This blog provides an overview of a specific developing situation. It is not intended to be, and should not be construed as, legal advice for any particular fact situation.
On March 19, 2021, California Governor Gavin Newsom signed Senate Bill (SB) 95, which extends and expands employer requirements to provide supplemental paid sick leave (SPSL) to employees impacted by COVID-19. SB 95 goes into effect on March 29, 2021, (i.e., 10 days after being signed by Gov. Newsom) and adds sections 248.2 and 248.3 to the California Labor Code.
Last September, the California legislature passed AB 1867 to, among other things, codify Gov. Newsom’s Executive Order N-51-20 (signed April 16, 2020), which provided supplemental paid sick leave to food sector employees for an employer with 500 or more employees nationwide as a result of the COVID-19 pandemic.
However, AB 1867 expired on December 31, 2020 — with no action or clarification until now on whether the requirements would continue or be modified.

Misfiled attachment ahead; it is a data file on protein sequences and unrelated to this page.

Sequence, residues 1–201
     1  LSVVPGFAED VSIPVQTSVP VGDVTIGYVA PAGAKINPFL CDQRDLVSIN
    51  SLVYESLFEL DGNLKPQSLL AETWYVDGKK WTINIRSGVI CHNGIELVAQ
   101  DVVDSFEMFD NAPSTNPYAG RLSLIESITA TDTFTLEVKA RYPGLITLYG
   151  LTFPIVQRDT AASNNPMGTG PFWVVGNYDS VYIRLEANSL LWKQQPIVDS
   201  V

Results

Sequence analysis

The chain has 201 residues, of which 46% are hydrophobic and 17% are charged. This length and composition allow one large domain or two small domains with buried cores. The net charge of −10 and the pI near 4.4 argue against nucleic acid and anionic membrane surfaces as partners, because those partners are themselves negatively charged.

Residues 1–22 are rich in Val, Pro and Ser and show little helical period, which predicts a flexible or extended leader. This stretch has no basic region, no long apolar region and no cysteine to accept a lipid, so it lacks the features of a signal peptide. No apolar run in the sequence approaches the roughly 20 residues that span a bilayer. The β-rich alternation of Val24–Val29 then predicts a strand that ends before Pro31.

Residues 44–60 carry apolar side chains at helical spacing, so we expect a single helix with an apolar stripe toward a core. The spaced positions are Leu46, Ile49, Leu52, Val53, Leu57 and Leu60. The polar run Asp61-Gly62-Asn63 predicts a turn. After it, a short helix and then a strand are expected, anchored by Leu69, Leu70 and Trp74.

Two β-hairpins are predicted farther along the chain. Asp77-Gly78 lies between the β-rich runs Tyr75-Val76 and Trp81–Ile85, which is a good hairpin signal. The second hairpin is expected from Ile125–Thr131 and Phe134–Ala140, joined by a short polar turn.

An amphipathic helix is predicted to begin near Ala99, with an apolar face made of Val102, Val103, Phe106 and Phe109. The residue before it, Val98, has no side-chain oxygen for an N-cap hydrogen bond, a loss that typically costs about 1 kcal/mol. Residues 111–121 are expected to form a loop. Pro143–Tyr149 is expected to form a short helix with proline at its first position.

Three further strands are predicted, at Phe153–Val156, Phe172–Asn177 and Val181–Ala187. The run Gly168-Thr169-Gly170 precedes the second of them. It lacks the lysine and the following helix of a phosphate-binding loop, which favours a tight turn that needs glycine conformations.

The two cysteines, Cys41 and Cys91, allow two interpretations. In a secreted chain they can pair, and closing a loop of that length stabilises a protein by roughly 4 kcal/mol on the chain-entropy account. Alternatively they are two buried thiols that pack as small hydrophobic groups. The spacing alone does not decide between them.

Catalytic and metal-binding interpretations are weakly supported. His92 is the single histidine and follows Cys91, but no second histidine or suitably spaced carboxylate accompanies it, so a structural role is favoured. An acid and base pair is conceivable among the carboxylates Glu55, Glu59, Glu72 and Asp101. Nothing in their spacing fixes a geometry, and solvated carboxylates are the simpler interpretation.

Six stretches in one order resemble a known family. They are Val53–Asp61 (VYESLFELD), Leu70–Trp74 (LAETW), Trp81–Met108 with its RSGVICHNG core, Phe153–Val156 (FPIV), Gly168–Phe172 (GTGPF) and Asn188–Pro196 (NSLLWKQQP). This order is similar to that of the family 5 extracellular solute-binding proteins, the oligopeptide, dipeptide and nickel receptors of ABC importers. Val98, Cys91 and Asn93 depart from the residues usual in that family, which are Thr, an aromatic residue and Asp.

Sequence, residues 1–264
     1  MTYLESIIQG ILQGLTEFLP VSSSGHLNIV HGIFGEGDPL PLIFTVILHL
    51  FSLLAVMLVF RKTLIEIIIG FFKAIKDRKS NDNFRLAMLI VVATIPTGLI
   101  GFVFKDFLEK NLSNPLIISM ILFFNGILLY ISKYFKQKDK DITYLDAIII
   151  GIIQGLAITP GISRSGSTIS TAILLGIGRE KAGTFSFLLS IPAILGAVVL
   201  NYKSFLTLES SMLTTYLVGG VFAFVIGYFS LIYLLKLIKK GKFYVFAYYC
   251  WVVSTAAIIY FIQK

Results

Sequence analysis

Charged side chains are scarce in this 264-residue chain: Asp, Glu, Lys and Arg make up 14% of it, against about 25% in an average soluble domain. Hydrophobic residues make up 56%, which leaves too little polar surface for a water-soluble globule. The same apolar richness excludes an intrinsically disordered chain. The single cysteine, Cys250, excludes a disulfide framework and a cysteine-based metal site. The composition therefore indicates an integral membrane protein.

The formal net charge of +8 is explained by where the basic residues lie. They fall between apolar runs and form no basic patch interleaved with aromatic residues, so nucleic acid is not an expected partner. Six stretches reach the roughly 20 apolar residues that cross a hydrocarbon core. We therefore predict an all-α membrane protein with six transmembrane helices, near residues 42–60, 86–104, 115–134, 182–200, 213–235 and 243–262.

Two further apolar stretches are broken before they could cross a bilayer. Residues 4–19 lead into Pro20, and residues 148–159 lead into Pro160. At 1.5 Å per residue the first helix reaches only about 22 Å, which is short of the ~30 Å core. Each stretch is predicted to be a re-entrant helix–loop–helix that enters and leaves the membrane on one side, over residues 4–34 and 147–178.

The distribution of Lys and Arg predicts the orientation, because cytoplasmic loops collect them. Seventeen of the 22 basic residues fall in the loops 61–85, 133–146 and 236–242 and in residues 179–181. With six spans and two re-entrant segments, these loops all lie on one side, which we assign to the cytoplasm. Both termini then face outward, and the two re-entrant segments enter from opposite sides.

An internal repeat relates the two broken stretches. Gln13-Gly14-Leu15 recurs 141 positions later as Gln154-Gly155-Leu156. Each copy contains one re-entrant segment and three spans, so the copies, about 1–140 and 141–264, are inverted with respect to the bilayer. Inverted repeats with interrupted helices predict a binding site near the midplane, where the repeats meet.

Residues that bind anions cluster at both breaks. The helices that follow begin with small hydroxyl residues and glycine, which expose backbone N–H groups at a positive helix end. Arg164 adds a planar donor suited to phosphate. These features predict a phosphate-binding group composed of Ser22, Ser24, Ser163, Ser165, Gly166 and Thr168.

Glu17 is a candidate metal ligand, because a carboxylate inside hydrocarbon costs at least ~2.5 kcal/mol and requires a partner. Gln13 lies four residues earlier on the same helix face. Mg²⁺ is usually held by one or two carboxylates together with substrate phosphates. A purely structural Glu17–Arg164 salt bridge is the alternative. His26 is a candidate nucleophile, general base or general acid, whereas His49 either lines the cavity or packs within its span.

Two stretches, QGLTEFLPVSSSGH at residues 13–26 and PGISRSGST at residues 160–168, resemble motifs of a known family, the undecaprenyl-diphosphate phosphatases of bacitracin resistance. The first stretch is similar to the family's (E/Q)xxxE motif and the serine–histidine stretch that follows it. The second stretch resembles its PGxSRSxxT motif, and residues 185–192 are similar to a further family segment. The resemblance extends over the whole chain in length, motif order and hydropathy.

Yes. The new law applies to many more California employers, now applying to public and private employers with more than 25 employees as defined by Labor Code section 245.5.
Yes. In addition to more employees being covered by the nature of more employers being covered, SPSL is now expanded to employees who are “unable to work or telework” due to one of the qualifying reasons discussed below — as opposed to the previously more limited language.
Yes. There are seven qualifying reasons for SPSL under SB 95:
As with AB 1867, an employee is entitled to SPSL if:
SB 95 expands qualifying reasons with the following five additional reasons, some of which address COVID-19 vaccines:
Employers who previously complied with AB 1867 and provided SPSL in 2020 are required to provide an additional “bank” of leave for employees in 2021.
As with AB 1867, employers must provide 80 hours of SPSL to a full-time employee or an employee who worked or was scheduled to work, on average, at least 40 hours per week in the two weeks preceding the date employee took SPSL.